20:42 GMT22 June 2021
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    Taiwan, which is regarded by China as part of its territory, was visited on Sunday by a bipartisan group of American senators arriving on a US military plane. The lawmakers announced that they would donate 750,000 coronavirus vaccine doses to the island.

    China's Defence Ministry on Tuesday blasted a visit by three US senators to the island of Taiwan as a "vile provocation.”

    "We are resolutely opposed to it," the ministry said.

    Three US senators, Democrats Tammy Duckworth Christopher Coons and Republican Dan Sullivan, visited Taiwan on Sunday as a part of a trip into the region. Their arrival sparked fury from Chinese officials and the public, as the bipartisan group pledged to donate 750,000 doses of COVID vaccine to Taiwan, which China considers part of its territory.

    Beijing is resisting any attempts by foreign powers, particularly the US, to treat the island as an independent nation and maintain separate diplomatic relations with Taiwan.

    In this photo released by the Taiwan Presidential Office, President Tsai Ing-wen, second right, and Foreign Minister Joseph Wu, right, listen as U.S. Republican Sen. Dan Sullivan of Alaska at left speaks next to Democratic Sen. Tammy Duckworth of Illinois in Taipei, Taiwan, on Sunday, June 6, 2021
    © AP Photo
    In this photo released by the Taiwan Presidential Office, President Tsai Ing-wen, second right, and Foreign Minister Joseph Wu, right, listen as U.S. Republican Sen. Dan Sullivan of Alaska at left speaks next to Democratic Sen. Tammy Duckworth of Illinois in Taipei, Taiwan, on Sunday, June 6, 2021

    On Monday, US Secretary of State Antony Blinken enraged Chinese officials even more when he said that a US trade deal with the island was in the making.

    “I know we are engaged in conversations with Taiwan, or soon will be, on some kind of framework agreement," Blinken said during a congressional hearing in Washington. "And those conversations should be starting."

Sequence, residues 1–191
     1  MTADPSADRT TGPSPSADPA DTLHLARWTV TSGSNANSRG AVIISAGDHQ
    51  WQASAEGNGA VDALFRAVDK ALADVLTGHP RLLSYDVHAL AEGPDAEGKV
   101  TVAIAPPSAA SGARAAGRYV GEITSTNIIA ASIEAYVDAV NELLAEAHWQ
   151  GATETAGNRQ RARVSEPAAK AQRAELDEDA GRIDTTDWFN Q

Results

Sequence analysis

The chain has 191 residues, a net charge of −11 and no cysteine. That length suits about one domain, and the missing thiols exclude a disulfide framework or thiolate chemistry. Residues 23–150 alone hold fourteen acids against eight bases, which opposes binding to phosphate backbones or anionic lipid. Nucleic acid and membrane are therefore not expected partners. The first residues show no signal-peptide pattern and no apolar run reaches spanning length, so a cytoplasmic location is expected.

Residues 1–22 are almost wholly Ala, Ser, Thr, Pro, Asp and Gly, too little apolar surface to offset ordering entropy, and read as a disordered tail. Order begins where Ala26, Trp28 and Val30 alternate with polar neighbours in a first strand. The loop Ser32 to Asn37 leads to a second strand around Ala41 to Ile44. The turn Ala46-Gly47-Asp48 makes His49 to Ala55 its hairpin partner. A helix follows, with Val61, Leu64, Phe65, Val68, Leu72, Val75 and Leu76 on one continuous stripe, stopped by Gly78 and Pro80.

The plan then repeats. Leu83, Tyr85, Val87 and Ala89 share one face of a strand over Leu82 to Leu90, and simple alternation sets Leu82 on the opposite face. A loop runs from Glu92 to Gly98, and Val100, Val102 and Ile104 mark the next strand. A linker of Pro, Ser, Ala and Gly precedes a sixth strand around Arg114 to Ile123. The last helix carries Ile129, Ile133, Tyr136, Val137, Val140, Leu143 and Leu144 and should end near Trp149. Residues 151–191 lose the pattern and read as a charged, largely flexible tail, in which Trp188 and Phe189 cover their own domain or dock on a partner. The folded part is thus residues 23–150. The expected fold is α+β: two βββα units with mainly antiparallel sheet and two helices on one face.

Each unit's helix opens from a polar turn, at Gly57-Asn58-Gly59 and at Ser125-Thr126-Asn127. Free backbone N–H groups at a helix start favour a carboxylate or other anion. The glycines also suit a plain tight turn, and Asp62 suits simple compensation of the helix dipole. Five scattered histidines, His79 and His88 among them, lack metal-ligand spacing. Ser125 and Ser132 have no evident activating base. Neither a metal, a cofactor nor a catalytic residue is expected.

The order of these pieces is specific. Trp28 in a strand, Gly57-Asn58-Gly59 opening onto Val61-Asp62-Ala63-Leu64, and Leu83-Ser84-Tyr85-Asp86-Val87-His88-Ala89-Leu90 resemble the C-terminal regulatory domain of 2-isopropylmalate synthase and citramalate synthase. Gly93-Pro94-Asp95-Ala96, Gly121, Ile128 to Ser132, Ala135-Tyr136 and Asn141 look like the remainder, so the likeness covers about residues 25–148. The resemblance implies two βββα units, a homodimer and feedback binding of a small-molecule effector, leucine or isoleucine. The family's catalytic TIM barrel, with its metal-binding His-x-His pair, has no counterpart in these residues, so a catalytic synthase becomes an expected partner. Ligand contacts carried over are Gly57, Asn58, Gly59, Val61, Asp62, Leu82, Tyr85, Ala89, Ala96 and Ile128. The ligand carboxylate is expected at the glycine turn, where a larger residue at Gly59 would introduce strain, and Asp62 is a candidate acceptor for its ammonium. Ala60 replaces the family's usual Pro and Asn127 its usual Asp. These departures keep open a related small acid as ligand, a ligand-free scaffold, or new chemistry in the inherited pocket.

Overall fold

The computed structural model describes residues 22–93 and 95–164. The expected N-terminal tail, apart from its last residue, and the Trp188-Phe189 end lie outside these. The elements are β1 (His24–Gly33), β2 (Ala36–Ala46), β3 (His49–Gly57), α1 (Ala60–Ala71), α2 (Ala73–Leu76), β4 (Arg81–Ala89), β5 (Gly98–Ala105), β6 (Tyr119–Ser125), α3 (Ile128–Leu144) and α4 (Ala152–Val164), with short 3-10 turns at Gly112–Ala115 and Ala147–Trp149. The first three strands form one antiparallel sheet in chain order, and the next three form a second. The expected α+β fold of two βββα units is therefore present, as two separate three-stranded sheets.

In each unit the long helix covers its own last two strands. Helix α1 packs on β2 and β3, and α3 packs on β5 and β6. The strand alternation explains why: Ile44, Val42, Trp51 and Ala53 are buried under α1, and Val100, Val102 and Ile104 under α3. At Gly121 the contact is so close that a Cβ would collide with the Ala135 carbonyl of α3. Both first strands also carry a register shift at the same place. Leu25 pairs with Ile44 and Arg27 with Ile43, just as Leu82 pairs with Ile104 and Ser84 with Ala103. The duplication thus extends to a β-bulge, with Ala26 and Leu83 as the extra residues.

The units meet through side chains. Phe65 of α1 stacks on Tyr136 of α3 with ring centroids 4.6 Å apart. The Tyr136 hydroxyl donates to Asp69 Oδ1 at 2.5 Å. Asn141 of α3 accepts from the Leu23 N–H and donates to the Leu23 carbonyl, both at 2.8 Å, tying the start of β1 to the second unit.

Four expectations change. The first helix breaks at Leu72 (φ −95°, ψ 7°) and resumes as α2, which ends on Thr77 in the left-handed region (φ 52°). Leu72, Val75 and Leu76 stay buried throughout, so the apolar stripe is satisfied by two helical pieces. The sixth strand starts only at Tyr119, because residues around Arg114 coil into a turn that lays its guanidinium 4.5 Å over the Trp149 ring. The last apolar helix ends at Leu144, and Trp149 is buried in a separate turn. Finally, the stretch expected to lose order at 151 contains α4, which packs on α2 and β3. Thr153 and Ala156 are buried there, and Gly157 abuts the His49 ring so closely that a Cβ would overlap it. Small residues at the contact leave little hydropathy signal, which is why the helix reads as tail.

Any further details on these upcoming talks would be given by US Trade Representative Katherine Tai, Blinken added. 

    The secretary of state also signalled the White House's commitment to provide arms to the island so it would "have the means to defend itself.”

    "We've continued to provide significant equipment and sales to Taiwan for that purpose. We have real concerns about the increased aggression that the government in Beijing has shown toward Taiwan," Blinken added.

    China's foreign ministry spokesman Zhao Lijian called on Washington to "stop any form of official exchanges with Taiwan, handle the Taiwan issue cautiously, and refrain from sending any wrong signals to Taiwan independence forces".

    In 1979, Washington officially recognised the People's Republic of China and severed diplomatic relations with Taiwan to embrace Beijing as the sole representative of China. 

    Years have passed and Washington still officially sticks to the “one-China” policy, with Taiwan seen as an integral part of China represented by the government in Beijing.

    However, Washington continued its support for the island, including in arms supplies.

    Tags:
    US Senators, Antony Blinken, China, Taiwan
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